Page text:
The Kentishmen with long tayles
The valiant courage and policie of the Kentishmen with long tayles, whereby they kept their
ancient Lawes and Customes, which _William_ the Conquerer sought to take from them.
Or to the tune of Rogero.
When as the Duke of Normandie,
with glistering speare and shield:
Had entred into faire England,
and foild his foes in fielde.
On Christmas day in solemne sort,
then was he crowned heere,
By Albert Archbishop of Yorke,
with many a noble Peere.
Which being done he changed quite,
the customes of this land:
And punisht such as daily sought,
this statutes to withstand.
And many Citties he subdude,
faire London with the rest:
But Kent did still withstand his force,
which did his lawes detest.
To Douer then he tooke his way,
the Castle downe to fling:
Which Aruiragus builded there,
the noble Brutaine king:
Which when the braue Arch-Bishop bolde,
of Canterburie knew:
The Abbot of S. Austines eke,
with all their gallant crue.
They set themselues in armour bright
these mischiefes to preuent:
With all the yeomen braue and bold,
that wer in fruitfull Kent.
At Canterburie did they meete,
vpon a certaine day:
With sword and speare with bill and bowe,
and stopt the conquerers way.
Let vs not liue like bondmen poore,
to Frenchmen in their pride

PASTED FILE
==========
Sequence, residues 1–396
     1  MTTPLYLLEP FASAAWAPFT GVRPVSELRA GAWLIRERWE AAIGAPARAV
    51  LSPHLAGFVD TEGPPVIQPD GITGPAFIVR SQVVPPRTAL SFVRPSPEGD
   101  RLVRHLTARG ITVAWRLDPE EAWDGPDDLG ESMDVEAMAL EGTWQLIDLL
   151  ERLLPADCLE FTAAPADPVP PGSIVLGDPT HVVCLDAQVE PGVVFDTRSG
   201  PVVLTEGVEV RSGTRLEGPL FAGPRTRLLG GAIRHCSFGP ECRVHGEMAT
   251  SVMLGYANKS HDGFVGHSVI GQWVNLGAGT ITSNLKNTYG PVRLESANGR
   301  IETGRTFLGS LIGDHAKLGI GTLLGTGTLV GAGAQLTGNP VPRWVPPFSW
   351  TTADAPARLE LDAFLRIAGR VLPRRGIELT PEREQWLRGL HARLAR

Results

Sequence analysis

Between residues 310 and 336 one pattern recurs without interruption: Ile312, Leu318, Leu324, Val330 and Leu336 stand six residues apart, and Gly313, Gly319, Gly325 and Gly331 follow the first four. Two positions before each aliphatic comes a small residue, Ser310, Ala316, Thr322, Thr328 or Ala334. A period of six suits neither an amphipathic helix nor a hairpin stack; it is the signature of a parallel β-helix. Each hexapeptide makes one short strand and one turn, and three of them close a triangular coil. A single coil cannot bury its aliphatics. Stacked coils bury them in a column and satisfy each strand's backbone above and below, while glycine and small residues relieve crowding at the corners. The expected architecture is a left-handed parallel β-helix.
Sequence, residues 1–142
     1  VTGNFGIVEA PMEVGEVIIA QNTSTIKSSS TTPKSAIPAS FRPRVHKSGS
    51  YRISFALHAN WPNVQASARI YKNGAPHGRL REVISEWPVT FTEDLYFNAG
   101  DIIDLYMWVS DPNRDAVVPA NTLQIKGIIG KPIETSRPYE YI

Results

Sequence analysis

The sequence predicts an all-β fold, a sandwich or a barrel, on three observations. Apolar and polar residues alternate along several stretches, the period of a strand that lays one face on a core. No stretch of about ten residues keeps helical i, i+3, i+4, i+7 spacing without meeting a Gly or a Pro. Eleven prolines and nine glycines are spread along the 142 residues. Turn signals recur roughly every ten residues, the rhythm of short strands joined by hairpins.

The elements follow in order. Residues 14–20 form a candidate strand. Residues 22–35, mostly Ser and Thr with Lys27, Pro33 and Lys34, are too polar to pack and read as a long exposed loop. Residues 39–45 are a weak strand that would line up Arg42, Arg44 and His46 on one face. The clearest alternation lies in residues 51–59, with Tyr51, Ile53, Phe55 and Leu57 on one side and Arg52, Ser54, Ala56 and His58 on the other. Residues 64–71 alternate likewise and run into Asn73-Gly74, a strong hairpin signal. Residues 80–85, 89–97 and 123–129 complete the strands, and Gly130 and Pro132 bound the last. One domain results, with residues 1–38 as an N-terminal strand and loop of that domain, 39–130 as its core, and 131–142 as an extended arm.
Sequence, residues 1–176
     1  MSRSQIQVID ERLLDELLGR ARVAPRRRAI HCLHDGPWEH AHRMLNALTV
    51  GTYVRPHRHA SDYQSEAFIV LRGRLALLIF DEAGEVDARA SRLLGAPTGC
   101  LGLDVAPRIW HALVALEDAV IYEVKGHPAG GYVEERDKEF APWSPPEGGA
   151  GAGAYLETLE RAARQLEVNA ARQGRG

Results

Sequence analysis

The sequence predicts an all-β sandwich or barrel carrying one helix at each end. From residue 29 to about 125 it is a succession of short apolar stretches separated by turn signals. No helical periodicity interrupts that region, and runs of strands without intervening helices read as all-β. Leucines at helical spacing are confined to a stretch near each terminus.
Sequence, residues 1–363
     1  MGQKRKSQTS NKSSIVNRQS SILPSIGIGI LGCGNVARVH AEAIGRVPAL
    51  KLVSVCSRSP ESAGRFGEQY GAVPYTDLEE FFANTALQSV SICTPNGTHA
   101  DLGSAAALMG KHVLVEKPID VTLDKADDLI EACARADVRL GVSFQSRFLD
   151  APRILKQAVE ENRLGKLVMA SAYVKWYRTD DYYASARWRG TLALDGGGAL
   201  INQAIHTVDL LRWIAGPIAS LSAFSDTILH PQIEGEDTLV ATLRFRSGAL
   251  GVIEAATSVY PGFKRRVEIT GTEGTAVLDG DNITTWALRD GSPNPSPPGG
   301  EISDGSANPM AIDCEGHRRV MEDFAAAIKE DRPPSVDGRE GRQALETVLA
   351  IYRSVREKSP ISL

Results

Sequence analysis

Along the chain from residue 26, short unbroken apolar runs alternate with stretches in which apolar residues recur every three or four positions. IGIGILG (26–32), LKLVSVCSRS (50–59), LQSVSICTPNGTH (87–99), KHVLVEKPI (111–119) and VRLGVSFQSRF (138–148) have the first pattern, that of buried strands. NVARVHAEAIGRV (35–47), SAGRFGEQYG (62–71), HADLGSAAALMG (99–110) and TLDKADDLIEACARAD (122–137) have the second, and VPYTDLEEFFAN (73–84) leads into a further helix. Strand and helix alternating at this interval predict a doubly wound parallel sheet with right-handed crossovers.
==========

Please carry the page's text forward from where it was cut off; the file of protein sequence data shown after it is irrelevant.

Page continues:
But keepe our ancient liberties,
what chance so ear betide
And rather die in bloudie field
in manlike courage prest:
Then to endure the seruile yoake,
which we so much detest.
Thus did the Kentish Commons crie,
vnto their leaders still:
And so march foorth in warlike sort,
and stand at Swanscombe hill.
Where in the woods they hid themselues,
vnder the shadie greene,
Thereby to get them vantage good,
of all their foes vnseene.
And for the Conquerours comming there,
they priuily laid waite:
And thereby suddainely appald,
his loftie high conceipt.
For when they spied his approch,
in place as they did stand:
Then marched they to hem him in,
each on a bow in hand.
So that vnto the conquerers sight,
amazed as he stood
They seemd to be a walking groue,
or els a mouing wood.
The shape of men he could not see,
the bowes did hide them so:
And now his hart with feare did quake,
to see a forrest goe.
Before, behind, and on each side,
as he did cast his eye:
He spide these woods with sober pace,
approch to him full nye.
But when the kentishmen had thus,
inclos'd the conquerer round:
Most suddenly they drew their swords,
and threw the bowes to ground.
There banners they displaid in sight,
there Trumpets sound a charge.
There ratling Drummes strickes vp a larme,
there troopes stretch out at large.
The Conquerour with all his traine
were hereat sore agast:
And most in perill when he thought,
all perill had beene past.
Vnto the kentish men he sent,
the cause to vnderstand:
For what intent and for what cause,
they tooke this warre in hand.
To whom they made this short replye,
for libertie we fight:
And to enioy S. Edwards lawes,
the which we hold our right.
Then said the dreadfull conquerer,
you shall haue what you will:
Your ancient customes and your lawes,
so that you will be still:
And each thing els that you will craue,
with reason at my hand,
So you will but acknowledge me,
chiefe King of faire England.
The kentishmen agreed here on,
and laid their armes aside:
And by this meanes King Edwards lawes,
in Kent do still abide,
And in no place in England else,
those customes do remaine:
Which they by manly pollicie,
did of Duke William gaine.